But aha!! there is a secret. The organ is wired to soft electronic mallets that strike 37 various stalactites scattered over 3.5 acres of the cave. The creator, a mathmetician and scientist at the Pentagon, spent three years in 1954 locating the correct stalactites (length and thickness) to correspond to the musical notes. “Man’s genius and the hand of God are in perfect harmony,” proclaims a nearby plaque. It is able to be played manually, but these days it is an automated system, no doubt soon to be taken over by A.I.

Another unusual feature was the various pools of water in which the stalagtites and stalagmites reflected their beauty in a kind of optical illusion of great depth; however, this Dream Lake pool, for example, is only about 18″ deep.

The Wishing Well is a teal-colored pool that has collected coins and dollars, wishes and dreams, hopes and needs of visitors since the 1950s. Money collected is given to various designated charities (or so they say …). Mr. Miller threw TWO dollars in, just to double his chances on his wish … can you guess what it is? (Let me help … R . E . T . I . R . E . M . E . N . T)

We stayed at a fabulous campground called Spacious Skies Shenandoah Views, which earned a rare 10/10 rating from the Millers. It had it’s own little pergola patio, beautiful views, and sheep and alpaca peaceably grazing just down the hill.

It had BIG views …

… a BIG fenced bark park ….

… and a really BIG jacuzzi … or so we thought?? Philip went to ask the office to unlock the gate to the fenced jacuzzi. The lady replied, “Jacuzzi? What jacuzzi? You show me a jacuzzi, and I’ll unlock it.” Turns out it was a child’s play pool, as big as the main pool.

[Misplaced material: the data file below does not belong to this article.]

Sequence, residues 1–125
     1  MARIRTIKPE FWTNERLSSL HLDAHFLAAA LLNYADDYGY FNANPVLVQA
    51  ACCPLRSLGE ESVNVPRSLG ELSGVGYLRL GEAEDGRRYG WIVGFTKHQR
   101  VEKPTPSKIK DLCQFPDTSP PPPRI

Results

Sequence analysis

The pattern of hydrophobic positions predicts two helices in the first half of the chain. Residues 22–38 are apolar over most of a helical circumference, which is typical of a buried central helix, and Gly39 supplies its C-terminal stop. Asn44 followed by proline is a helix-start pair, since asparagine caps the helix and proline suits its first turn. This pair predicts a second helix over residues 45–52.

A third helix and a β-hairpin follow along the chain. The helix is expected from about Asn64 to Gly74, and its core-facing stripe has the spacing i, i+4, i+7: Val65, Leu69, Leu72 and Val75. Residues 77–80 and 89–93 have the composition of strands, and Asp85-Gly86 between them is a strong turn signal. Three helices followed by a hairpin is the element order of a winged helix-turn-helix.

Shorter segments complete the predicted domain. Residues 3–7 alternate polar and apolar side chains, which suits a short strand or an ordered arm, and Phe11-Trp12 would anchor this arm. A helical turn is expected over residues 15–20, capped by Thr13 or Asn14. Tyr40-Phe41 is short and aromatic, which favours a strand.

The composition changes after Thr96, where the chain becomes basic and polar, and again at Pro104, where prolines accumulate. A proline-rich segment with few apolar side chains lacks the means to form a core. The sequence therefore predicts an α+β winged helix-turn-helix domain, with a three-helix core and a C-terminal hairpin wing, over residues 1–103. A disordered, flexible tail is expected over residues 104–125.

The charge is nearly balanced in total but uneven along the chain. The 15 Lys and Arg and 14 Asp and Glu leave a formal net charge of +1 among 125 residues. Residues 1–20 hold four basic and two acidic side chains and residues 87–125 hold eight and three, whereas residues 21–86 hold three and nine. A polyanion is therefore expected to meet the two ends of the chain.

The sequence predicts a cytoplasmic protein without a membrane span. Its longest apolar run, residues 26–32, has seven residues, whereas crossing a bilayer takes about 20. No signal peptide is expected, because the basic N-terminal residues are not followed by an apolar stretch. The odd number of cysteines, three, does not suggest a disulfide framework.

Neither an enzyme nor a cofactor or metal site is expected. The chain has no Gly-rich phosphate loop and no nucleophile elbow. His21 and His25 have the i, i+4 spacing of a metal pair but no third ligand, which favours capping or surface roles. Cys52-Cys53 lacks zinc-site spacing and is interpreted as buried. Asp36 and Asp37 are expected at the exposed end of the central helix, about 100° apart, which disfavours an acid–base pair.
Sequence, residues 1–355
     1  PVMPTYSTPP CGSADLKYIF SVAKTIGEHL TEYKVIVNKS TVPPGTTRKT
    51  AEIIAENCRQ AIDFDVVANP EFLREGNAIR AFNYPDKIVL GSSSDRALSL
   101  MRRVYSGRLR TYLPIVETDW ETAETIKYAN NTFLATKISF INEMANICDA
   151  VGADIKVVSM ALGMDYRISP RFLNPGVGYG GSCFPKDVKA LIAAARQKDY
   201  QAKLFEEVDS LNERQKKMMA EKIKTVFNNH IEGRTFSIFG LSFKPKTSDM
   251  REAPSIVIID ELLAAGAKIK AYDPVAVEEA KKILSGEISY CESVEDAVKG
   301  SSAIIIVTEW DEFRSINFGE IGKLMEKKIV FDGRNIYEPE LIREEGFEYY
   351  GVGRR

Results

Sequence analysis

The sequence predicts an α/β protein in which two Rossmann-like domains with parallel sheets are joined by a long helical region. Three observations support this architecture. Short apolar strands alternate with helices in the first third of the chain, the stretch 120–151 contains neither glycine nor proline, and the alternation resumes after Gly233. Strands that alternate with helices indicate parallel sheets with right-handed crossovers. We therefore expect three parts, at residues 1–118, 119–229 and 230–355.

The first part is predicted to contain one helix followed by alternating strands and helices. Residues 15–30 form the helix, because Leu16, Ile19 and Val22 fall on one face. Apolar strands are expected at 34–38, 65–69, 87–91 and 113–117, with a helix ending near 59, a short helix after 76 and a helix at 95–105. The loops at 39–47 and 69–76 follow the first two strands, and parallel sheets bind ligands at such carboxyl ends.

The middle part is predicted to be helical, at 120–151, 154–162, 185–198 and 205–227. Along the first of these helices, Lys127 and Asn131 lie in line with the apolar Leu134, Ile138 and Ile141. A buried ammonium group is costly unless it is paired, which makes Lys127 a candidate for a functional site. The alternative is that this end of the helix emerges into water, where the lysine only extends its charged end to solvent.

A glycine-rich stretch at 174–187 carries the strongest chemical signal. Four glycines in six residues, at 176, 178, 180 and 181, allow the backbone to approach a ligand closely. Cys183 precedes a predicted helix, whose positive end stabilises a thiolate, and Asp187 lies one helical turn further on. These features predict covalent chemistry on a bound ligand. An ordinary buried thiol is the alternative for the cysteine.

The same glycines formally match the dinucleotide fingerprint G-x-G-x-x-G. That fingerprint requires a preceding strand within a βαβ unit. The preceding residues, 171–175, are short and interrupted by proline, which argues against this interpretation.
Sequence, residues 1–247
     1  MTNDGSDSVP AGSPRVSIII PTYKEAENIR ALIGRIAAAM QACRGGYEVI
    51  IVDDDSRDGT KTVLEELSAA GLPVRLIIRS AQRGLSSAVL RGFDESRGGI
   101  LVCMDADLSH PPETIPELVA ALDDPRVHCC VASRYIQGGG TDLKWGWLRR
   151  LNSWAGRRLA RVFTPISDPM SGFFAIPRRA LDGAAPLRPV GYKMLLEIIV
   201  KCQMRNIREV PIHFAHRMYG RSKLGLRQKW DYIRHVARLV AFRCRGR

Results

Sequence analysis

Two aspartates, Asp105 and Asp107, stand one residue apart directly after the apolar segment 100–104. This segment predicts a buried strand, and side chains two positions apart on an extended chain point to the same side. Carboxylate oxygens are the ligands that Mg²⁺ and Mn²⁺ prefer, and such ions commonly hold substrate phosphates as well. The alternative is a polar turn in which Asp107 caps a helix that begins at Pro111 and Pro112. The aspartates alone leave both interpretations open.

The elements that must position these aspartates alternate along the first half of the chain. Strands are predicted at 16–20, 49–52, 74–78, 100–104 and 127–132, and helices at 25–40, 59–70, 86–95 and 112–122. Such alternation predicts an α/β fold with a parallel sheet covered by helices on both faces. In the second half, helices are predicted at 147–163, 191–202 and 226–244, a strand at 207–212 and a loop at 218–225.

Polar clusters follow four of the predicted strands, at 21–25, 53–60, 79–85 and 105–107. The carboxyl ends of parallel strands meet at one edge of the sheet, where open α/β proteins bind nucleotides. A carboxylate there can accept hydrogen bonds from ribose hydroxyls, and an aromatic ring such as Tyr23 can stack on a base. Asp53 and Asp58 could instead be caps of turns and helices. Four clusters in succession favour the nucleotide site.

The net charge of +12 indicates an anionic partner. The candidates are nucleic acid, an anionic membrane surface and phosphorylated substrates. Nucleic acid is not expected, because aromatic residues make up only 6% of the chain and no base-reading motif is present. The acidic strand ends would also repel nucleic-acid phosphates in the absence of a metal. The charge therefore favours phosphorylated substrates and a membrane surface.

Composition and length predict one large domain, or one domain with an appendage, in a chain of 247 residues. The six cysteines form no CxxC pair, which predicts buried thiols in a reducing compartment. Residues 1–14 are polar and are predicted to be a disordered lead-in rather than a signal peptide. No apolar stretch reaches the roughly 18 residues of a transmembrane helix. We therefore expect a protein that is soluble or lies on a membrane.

RVers, if you are using this blog to plan future trips, this is a reminder that we log and rate all campgrounds on our Past Travels page. Zoom in or out, and navigate to your area of interest. Click on any location flag for further information on that campground or RV park!

Family Time!

Another stop in Vienna, VA, just outside Washington, DC, had us savoring family time with Philip’s nephew Tim and his wife Karen. Their son Henry was graduating from high school, and Philip’s brother Dennis also came in from South Carolina for the occasion. The three days flew by, as time with family usually does.

L – R: Dennis, Tim, Henry, Karen, Philip

The occasion (besides passing through) was Henry’s high school graduation. He’s all grown up now, and ready to party with his celebratory sombrero on!

A trip to Vienna is not complete without a visit to the popular, divey hole-in-the-wall Vienna Inn. Much important government business has gone down here over the decades, over a paper plate of their famous chili dogs. Dennis, whose career was with the CIA in Washington DC (just 17 miles away), has been here in every decade of his life: his 20s, 30s, 40s, 50s, 60s, 70s, and now that he just turned another decade, his 80s. He should get a plaque on the wall or something, or probably they would just use a Sharpie on the restroom stall in a place like this. We loved it.

Tim brought his tricked-out #vanlife classic Volkswagen Vanagon Synchro to the campground so we could check it out. It’s his baby, his joy, and his free-time recreation. Henry and he work on it together, and camp out in it frequently. So fun!

Speaking of the campground …. uhhh, what?? I should watch out for snakes inside the bath building? I was assured, “oh, don’t worry, they are usually only copperheads.” Ohhh kayyy. I always made Philip do a full sweep before entering.

Virginia’s state slogan is “Virginia is For Lovers,” and we’re in full agreement on our first visit to this gorgeous state — Virginia is truly a place to love!